The investment funds industry is ready for more robust fee disclosure
Following the successful rollout of Client Relationship Model – Phase 2 (“CRM2”), the Investment Funds Institute of Canada (“IFIC”) believes that the fee transparency conversation is ready to advance further. In April 2017, IFIC advised Canadian regulators that it’s time for the industry to take the next step and offer broader transparency on Management Expense Ratios (“MERs”).
Let’s take a quick look back at the long history of CRM and the costs that make up MERs.
The history of CRM
CRM is a series of industry initiatives focused on improving the transparency between investors and the financial services industry.
It’s been almost 10 years since CRM1 came into force. CRM1 created harmonized registration requirements across the industry and also obliged firms to standardize disclosure of core information that affected the client-advisor relationship including (but not limited to):
- Types of products sold
- How suitability is determined
- Dealer obligations
- Investor responsibilities
- Conflicts of interest
These important pieces of information form the Relationship Disclosure Document.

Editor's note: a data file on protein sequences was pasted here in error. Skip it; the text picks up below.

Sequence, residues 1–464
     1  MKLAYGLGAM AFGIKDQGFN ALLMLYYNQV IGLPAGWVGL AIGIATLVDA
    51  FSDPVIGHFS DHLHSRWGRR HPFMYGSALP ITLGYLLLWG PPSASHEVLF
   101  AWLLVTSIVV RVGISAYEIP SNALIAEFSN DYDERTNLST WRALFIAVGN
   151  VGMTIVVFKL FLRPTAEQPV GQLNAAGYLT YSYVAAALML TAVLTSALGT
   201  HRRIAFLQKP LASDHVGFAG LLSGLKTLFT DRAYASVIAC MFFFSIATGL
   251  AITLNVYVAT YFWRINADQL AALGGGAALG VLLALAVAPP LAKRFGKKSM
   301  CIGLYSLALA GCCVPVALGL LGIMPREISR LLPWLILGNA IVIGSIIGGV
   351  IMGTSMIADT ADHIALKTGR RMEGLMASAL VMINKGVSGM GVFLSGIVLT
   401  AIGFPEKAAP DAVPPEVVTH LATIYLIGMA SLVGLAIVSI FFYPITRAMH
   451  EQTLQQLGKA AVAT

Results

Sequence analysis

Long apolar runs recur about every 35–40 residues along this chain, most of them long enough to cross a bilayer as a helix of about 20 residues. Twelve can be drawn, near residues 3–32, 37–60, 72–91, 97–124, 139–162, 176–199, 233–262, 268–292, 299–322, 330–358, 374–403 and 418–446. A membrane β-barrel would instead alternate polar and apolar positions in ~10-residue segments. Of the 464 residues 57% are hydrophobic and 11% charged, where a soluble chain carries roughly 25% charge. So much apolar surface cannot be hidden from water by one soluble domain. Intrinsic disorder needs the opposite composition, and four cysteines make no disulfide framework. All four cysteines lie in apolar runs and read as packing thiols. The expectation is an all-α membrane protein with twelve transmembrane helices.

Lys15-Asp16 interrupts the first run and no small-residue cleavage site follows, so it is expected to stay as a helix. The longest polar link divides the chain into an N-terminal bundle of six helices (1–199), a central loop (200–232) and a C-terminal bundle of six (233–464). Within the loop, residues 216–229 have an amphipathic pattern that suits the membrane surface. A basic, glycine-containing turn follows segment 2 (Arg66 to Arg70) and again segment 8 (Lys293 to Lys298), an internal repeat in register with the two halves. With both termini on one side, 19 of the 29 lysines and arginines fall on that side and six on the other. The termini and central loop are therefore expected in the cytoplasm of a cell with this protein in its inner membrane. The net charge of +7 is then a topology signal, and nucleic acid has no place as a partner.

CRM2 has been rolling out over the past four years and included the development of new personalized annual reports for investors that provide detailed information about the fees they pay and how their investments have performed. The new reports are:
- “Report of charges and other compensation” – details the charges and fees that investors have paid their advisor/firm directly or indirectly, in dollars and cents (not as a percentage)
- “Report on investment performance” – provides the investors’ personal rate of return over specific periods of time
MERs are the fees charged by the manufacturers of investment funds to cover expenses of managing a fund. Typically, a portion of that fee is given to dealers/advisors for the professional advice and service they provide their clients. Click on the picture to view an infographic of how the MER is allocated.
With CRM2, the dealer/advisor compensation is disclosed on the new cost report. IFIC believes that disclosing the full MER, in dollars and cents, will provide further transparency and clarification. If the industry wants investors to truly understand the amount of fees that they pay for investing in funds, enhanced disclosure is the appropriate next step to take.
For more information about CRM, take our continuing education course on Client Relationship Model – Phase 2.